Ant management is good business all throughout the country, say respondents to PMP’s exclusive survey.
Ants are problematic throughout the United States. It doesn’t matter whether you’re a pest management professional (PMP) working in the South, West or Northeast; you’re going to receive calls to manage ants, according to Pest Management Professional’s (PMP’s) 2017 Ant Management Survey.
Most of those jobs are going to be for homeowners, as survey respondents said more than 50 percent of their ant management revenue comes from the residential sector. The commercial and government/municipal sectors account for less than 25 percent of ant management revenue for the majority of those polled.
Callbacks trailing from ant management jobs don’t appear to be an issue for most because the majority of those asked said callbacks occur less than 5 percent of the time.
Carpenter ants (Camponotus spp.) are the most problematic species. Once again, they earned the top spots on our lists ranking ants that cause the most callbacks and generate the most revenue. (Editor’s Note: For more about carpenter ants, check out Dr. Laurel Hansen’s three recommendations for a more effective ant management strategy.) No wonder carpenter ants are at the top of the list: They can be tricky to manage. One key is finding their nests, but that isn’t always easy because their nests can be indoors or outdoors.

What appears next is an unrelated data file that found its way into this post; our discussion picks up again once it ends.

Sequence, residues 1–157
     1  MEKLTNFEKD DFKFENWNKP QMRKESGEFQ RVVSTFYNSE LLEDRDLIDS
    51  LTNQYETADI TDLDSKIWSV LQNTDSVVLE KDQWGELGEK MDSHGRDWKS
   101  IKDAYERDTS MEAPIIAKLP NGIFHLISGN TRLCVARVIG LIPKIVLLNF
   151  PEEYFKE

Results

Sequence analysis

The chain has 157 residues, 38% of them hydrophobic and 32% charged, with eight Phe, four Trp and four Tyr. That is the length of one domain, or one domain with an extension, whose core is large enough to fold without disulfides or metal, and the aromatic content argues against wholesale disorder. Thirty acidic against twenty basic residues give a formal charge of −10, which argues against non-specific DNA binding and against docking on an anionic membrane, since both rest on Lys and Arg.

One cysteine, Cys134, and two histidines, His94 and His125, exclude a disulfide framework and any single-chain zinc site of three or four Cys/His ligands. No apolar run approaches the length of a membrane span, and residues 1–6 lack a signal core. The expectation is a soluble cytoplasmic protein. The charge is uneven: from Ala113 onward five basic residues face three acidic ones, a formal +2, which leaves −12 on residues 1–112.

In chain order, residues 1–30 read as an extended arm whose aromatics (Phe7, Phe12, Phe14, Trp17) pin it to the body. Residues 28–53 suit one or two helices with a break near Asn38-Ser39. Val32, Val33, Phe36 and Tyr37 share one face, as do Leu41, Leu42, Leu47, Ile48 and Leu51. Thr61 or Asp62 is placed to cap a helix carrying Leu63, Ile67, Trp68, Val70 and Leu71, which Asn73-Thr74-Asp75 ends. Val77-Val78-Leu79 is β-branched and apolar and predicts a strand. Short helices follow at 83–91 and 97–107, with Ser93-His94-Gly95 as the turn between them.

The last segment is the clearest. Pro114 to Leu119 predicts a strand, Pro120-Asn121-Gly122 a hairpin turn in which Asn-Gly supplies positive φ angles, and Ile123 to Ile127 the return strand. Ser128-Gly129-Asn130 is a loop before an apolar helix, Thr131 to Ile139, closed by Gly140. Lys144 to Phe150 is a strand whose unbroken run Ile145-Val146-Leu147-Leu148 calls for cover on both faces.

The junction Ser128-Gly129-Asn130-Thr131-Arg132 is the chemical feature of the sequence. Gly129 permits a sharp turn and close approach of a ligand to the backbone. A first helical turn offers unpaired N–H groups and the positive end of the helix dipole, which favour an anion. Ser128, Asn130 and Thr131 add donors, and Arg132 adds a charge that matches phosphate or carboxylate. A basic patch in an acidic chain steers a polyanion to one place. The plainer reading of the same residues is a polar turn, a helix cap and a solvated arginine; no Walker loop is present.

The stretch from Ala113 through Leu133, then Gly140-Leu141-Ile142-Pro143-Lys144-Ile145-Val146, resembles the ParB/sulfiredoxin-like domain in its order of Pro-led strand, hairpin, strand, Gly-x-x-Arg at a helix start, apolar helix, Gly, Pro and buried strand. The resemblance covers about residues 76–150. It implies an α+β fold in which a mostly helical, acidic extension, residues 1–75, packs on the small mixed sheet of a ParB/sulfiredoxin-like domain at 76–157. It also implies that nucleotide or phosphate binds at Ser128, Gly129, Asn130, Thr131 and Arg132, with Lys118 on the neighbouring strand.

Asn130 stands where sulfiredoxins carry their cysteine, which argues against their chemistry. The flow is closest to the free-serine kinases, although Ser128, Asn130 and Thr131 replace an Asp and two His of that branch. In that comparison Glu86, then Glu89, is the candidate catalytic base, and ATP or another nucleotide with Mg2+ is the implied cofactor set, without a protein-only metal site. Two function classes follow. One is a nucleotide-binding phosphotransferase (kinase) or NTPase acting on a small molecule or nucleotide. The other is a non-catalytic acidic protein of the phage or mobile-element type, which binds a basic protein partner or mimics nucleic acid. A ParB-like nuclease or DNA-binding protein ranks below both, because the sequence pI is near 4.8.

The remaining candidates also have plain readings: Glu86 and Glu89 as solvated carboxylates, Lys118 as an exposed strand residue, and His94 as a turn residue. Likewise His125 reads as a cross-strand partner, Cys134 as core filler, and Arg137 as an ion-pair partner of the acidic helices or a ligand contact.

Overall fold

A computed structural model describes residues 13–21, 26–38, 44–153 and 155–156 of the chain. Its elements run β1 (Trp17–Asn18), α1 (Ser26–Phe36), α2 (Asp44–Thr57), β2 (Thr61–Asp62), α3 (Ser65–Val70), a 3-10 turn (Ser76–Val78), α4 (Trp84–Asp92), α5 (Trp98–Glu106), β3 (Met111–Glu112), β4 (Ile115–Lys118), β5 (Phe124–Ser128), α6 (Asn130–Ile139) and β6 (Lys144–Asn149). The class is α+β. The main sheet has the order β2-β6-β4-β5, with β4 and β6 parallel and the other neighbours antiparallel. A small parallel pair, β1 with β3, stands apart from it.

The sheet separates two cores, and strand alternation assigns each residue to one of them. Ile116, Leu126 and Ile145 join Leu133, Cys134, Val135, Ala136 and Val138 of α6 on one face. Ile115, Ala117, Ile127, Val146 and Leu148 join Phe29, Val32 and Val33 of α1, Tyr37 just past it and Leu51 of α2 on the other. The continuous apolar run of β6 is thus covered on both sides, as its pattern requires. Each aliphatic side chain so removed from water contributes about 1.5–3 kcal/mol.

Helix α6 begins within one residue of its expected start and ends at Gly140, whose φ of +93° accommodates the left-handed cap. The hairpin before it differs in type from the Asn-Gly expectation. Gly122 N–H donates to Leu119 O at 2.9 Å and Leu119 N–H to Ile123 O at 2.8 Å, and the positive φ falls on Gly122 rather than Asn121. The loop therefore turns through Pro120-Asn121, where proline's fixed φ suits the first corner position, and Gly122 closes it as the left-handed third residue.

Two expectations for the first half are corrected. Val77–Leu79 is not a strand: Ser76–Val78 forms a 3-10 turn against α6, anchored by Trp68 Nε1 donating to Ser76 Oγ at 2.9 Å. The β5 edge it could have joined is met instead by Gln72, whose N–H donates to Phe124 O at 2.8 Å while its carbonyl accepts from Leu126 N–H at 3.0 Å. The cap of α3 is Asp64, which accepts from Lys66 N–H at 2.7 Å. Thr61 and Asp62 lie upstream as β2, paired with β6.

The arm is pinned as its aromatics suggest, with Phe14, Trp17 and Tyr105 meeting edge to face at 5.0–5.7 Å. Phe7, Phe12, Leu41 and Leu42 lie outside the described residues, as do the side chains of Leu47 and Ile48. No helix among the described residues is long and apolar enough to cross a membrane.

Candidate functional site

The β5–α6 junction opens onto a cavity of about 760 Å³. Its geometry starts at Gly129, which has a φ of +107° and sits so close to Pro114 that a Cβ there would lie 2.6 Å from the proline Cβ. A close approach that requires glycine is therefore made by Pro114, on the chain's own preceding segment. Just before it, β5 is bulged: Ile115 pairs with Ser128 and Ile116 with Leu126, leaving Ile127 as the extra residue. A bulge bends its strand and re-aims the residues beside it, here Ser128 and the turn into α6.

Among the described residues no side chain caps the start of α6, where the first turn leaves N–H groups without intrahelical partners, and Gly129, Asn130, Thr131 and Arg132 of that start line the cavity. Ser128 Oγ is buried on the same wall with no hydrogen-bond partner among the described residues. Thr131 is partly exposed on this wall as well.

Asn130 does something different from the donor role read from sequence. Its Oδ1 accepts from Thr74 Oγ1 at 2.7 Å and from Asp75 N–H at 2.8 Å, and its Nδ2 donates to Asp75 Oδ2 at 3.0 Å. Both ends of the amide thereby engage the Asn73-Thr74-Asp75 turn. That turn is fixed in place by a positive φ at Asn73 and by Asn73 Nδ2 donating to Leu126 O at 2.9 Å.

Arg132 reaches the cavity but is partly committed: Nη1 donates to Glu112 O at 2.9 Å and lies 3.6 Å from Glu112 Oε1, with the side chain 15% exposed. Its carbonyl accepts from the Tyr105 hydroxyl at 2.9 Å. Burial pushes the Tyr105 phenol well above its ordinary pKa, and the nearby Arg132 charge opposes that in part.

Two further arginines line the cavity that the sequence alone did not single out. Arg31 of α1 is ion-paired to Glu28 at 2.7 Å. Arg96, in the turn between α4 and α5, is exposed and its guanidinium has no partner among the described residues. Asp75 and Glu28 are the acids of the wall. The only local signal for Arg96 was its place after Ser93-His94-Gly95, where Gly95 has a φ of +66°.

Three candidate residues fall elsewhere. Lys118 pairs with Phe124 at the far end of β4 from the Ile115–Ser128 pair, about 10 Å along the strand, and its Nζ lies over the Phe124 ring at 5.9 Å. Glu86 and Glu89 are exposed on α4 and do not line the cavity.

Doug Foster, president of Burt’s Termite & Pest Control in Columbus, Ind., faced a particularly challenging ant management job. At first, Foster figured the carpenter ants that kept appearing in a customer’s bathroom were coming from a nearby tree. He treated outside, but that didn’t help. Then he treated inside, around the windowsills and shower, but that didn’t work either.
“In utter frustration, I sat down on the floor and waited,” he says. “After about 10 minutes, I saw a lone ant coming from under the door and thought it must be coming from down the hallway.”